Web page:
That evening, I and my friends Randy Bottoms and Bruce Keener dispersed throughout the neighborhood, knocking on doors.  Since our neighbors knew us, they generally opened the door, and a few even thumbed through the little book.  But no takers.  Realizing the need to branch out, I suggested that we go down to Church Street and try some of the houses there.  Since this neighborhood was not normally part of our world, we had even less success there.  Finally, the gathering darkness required that we head home; a disappointing day to say the least.

The next morning, Randy and Bruce both had success to report; they had sold magazine subscriptions to their parents.  I, unfortunately, did not have the same luck.  Money was tight, and although my parents wanted to help me, a subscription to a magazine was not realistic.  So, I continued to knock on a few doors after school each day, but it soon became apparent to me that I was really having difficulty moving this particular product.

At the end of the week, Mr. Bruton started figuring how many magazines had been sold.  We still had a week to go, but some of the boys had already exhausted their supply of order forms.  Mr. Bruton asked if any of us had any forms that we didn't think we'd need.  I tried to sink as low in my seat as I could, and avoided eye contact with Mr. Bruton.  I, who had already written my name at the bottom of all ten of my never to be used forms, did not want it known that I had unused forms available.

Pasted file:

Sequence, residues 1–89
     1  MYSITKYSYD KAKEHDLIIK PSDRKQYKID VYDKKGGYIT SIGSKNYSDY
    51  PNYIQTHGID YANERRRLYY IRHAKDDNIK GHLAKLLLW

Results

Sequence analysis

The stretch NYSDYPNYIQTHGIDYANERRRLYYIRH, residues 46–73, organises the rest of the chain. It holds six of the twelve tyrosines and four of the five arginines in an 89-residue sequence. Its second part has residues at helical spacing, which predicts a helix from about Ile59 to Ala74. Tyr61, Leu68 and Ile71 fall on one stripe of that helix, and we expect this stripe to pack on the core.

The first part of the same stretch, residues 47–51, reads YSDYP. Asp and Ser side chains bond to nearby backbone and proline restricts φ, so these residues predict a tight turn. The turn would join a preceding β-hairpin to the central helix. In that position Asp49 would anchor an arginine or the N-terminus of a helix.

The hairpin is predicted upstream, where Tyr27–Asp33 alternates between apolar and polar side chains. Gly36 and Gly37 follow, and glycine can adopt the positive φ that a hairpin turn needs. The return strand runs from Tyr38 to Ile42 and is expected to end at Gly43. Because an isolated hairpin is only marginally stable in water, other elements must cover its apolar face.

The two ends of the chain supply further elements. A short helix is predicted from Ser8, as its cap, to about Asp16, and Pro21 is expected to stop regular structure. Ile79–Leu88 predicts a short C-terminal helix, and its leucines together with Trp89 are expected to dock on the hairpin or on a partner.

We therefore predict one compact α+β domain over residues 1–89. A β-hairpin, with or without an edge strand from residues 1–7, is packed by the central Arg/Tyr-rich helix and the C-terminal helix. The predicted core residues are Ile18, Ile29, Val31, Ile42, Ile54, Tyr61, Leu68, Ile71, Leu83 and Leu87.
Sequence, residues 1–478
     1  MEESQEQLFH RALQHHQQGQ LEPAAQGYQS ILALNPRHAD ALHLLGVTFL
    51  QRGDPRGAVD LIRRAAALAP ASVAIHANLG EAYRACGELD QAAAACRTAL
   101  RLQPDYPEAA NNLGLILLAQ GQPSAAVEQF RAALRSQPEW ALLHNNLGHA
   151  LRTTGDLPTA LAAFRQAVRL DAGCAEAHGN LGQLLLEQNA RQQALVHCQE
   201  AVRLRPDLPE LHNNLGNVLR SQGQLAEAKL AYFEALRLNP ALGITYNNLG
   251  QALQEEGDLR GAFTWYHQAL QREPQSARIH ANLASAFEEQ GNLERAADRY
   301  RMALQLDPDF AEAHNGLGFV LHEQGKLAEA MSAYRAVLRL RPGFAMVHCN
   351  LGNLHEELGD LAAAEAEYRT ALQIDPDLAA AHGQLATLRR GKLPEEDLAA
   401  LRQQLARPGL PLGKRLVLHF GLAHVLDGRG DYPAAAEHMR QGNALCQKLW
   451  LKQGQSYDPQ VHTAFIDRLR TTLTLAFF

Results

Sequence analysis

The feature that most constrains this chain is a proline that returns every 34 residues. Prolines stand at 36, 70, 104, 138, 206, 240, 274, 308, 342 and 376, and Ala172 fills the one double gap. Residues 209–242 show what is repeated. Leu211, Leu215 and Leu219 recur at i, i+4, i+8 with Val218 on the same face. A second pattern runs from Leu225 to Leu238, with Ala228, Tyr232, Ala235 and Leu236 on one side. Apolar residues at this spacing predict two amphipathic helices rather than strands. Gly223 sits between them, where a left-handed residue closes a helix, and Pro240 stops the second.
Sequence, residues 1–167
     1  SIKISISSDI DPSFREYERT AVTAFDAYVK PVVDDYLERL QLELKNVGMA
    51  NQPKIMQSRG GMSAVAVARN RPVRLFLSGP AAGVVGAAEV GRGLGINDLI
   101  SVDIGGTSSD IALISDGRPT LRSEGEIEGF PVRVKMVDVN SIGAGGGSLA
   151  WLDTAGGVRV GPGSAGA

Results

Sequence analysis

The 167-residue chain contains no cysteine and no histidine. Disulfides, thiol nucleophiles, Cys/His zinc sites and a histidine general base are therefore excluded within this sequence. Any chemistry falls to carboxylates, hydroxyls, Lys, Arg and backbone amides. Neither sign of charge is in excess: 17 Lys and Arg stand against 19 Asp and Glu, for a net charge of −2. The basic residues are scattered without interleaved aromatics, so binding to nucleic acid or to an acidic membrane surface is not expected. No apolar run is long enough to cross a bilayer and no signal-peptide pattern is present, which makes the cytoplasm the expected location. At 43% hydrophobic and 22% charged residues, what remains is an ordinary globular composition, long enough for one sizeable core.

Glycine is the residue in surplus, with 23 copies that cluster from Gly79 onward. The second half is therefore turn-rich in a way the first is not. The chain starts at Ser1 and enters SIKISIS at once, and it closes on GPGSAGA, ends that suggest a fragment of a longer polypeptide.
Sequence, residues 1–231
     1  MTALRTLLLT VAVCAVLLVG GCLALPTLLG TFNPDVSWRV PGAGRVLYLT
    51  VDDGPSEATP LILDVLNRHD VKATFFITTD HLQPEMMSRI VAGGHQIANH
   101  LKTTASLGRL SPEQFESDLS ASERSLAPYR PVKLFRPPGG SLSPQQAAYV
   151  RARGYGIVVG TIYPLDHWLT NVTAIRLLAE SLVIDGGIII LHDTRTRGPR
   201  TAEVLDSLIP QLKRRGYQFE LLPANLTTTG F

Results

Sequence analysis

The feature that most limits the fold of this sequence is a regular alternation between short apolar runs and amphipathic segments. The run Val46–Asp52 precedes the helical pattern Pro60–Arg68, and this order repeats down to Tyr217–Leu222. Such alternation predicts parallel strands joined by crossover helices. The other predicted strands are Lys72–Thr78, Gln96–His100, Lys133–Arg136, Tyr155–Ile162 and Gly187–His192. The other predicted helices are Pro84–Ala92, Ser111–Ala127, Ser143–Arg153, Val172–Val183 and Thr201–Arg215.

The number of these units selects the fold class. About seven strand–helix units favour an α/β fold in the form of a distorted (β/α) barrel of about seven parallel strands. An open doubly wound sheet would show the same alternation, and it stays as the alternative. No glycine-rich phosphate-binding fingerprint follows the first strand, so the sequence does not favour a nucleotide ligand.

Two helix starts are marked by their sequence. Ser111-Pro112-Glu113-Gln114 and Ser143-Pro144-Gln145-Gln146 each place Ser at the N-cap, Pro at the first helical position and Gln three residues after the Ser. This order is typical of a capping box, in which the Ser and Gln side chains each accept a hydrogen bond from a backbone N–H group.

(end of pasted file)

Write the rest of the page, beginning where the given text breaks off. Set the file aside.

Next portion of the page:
Both Randy and Bruce managed to sell enough magazine subscriptions to get the Throwing Dagger, but I ended my two weeks with net sales of zero.  I just hoped that if I were ever attacked, Randy or Bruce would be there to lay a little Throwing Dagger action on the perpetrator.

But, Agri ended up being one of the best courses I ever took in High School.  I was actually quite interested in learning things that Future Farmers needed to know, and I still recall that the Ohio Improved Chester, or the OIC as we professionals call it, is an exceptionally good breed of pig.  And, should I ever become a cattle rancher, Limousins are a mighty fine choice.  Of course, if I were more interested in dairy farming, I'd be looking for some Guernseys or maybe Jerseys.  We also learned how to wire a simple electrical circuit, as well as how to arc weld and gas weld.  In fact, not to brag, but when Mr. Bruton took a sledge hammer to break apart the metal plates that we welded together so that they could be used again, the two that Lonnie McKay and I had welded together were completely impervious to the sledge hammer.

So, while a career in sales was not in my future, I possibly could have made it in the welding industry.  But, I ended up being a teacher, which didn't require either of those skills.  But, I'm kind of thinking about asking Marilyn if maybe I could get a little calf to raise...